Authors: Scott Lynch
“North of the Teeth of Camorr, there are three shit-barges at the private docks. You know the ones; they haul all the drek and excrement out of the city and take it north to the fields.”
“Of course,” said Doña Vorchenza.
“Raza’s been having his fortune hidden on one of them,” said Locke. “In wooden chests, sealed in layers of oilcloth, for obvious reasons. After he slips out of Camorr, his plan is to meet the barge up north and offload the treasure. It’s all there, underneath those heaps of shit—begging your pardon.”
“That’s ridiculous,” said Doña Vorchenza.
“I didn’t say my answer was going to be pleasant,” said Locke. “Think about it. What’s the last place anyone would
to look for a cache of coins?”
“Hmmm. Which barge?”
“I don’t know,” said Locke. “I just know that it’s one of the three.”
Vorchenza looked over at Reynart.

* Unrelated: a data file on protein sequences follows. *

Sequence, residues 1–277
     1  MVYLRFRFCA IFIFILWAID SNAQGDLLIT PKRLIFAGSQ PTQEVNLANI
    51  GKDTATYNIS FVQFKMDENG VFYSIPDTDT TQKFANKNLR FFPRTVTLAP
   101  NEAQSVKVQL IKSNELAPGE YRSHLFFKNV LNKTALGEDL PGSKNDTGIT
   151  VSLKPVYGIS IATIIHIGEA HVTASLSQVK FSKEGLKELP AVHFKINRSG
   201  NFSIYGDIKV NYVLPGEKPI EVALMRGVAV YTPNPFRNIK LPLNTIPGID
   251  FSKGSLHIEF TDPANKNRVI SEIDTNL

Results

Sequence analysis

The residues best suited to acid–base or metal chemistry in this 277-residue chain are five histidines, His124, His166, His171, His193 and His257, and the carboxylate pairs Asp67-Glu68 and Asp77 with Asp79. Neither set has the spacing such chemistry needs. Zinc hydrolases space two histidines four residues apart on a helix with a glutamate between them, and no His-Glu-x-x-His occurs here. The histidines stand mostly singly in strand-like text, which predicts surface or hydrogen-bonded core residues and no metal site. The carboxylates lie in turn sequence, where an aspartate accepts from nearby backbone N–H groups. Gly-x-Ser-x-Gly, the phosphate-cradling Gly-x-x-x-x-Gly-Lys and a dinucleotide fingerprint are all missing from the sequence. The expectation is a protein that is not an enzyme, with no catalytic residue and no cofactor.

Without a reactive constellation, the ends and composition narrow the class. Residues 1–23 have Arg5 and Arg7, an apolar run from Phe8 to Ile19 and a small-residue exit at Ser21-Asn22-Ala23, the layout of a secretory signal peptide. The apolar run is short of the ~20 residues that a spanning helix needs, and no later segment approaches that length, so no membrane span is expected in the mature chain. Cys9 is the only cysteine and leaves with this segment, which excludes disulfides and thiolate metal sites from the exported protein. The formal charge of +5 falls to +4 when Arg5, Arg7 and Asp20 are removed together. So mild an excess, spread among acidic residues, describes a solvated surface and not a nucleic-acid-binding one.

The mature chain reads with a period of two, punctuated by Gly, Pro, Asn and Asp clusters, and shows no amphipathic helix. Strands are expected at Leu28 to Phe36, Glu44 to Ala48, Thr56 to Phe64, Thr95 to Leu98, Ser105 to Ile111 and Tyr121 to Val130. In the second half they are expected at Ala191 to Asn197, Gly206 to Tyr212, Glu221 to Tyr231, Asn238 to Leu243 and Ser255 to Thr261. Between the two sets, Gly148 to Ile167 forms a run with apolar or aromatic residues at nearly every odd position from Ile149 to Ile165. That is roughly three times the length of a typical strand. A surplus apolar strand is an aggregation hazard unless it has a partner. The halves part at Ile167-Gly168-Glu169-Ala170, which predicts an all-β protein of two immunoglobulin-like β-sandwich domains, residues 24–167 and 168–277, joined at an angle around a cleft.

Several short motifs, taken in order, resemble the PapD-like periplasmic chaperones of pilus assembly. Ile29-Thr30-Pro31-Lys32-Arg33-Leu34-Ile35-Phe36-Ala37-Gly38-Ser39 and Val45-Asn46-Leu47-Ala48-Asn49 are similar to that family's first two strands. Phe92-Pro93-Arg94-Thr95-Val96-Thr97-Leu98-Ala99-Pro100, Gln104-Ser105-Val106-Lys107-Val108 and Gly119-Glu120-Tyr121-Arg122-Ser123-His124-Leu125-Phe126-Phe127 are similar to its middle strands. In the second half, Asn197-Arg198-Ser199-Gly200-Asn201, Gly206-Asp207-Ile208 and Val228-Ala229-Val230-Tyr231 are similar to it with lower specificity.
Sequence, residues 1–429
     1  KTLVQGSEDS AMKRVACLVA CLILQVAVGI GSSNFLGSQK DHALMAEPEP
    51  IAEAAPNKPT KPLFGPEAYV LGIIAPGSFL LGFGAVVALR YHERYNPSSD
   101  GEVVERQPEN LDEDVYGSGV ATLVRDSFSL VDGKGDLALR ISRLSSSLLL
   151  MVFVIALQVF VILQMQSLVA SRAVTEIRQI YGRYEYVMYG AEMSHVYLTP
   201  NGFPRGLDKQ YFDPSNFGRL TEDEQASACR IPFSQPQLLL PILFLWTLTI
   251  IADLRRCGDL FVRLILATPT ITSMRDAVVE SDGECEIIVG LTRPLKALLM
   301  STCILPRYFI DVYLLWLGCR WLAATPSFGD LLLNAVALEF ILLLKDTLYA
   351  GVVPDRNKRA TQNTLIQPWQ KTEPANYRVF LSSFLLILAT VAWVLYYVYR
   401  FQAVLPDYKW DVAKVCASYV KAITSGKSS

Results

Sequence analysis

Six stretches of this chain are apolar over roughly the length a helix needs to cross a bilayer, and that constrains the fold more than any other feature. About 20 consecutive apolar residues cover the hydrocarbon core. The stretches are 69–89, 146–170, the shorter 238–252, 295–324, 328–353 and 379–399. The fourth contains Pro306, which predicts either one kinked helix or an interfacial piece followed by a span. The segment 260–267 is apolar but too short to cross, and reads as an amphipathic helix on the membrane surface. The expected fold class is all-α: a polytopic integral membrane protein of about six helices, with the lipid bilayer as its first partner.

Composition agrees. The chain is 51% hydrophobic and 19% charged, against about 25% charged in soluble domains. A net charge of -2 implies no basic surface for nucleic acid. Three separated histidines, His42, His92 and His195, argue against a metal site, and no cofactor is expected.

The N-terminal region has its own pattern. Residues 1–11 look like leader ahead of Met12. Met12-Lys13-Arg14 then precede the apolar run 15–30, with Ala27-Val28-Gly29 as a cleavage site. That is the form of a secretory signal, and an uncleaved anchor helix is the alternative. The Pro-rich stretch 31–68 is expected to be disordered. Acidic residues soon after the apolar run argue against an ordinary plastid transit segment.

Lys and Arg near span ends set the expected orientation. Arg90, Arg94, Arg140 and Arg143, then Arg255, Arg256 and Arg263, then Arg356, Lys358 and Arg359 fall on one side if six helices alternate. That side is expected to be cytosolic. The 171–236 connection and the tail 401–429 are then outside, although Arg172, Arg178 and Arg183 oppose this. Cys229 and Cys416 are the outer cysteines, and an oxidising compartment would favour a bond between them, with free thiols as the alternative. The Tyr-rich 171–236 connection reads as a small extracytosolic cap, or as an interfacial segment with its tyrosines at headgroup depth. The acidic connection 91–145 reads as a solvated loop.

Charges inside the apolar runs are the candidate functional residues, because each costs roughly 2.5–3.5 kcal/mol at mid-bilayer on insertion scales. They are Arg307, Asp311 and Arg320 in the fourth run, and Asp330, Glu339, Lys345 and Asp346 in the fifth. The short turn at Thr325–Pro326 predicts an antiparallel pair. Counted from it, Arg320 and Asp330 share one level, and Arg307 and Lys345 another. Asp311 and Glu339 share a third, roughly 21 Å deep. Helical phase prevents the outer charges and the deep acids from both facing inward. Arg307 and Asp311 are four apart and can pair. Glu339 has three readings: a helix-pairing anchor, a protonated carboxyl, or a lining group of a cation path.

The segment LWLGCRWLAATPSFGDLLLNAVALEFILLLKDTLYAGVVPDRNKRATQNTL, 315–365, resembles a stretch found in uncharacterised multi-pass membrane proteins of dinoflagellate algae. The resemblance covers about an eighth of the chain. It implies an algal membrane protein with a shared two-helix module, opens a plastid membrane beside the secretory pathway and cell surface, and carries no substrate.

“Well,” said the captain, “there are reasons the gods saw fit to invent the enlisted man.”
,” said Locke, swallowing a lump in his throat.
Make this good,
Make this very good.
“Doña Vorchenza, this isn’t over.”
“What are you talking about?”
“Boats, barges, escape. I’ve been thinking. The Falconer made all sorts of strange jokes when he was under my knife. He was taunting me with something; I didn’t have a chance to figure it out until now. That plague ship.
You have to sink it.”
“And why would that be?”
“It belongs to Anatolius,” said Locke. “According to the Falconer, Anatolius was a pirate on the White Iron Sea, building up his fortunes so he could hire a Bondsmage and return to Camorr for his revenge. The
is his ship. But Anatolius isn’t planning to escape on it—he’s leaving the city to the north, going up the Angevine.”
“The Falconer was dropping hints about a backup plan,” said Locke. “That plague ship
the backup plan. It’s not full of corpses, Doña Vorchenza. It has a token crew—men who’ve survived exposure to Black Whisper, like the duke’s Ghouls. A token crew and holds full of animals—goats, sheep, donkeys. I thought the Falconer was just trying to be irreverent…but think about it.”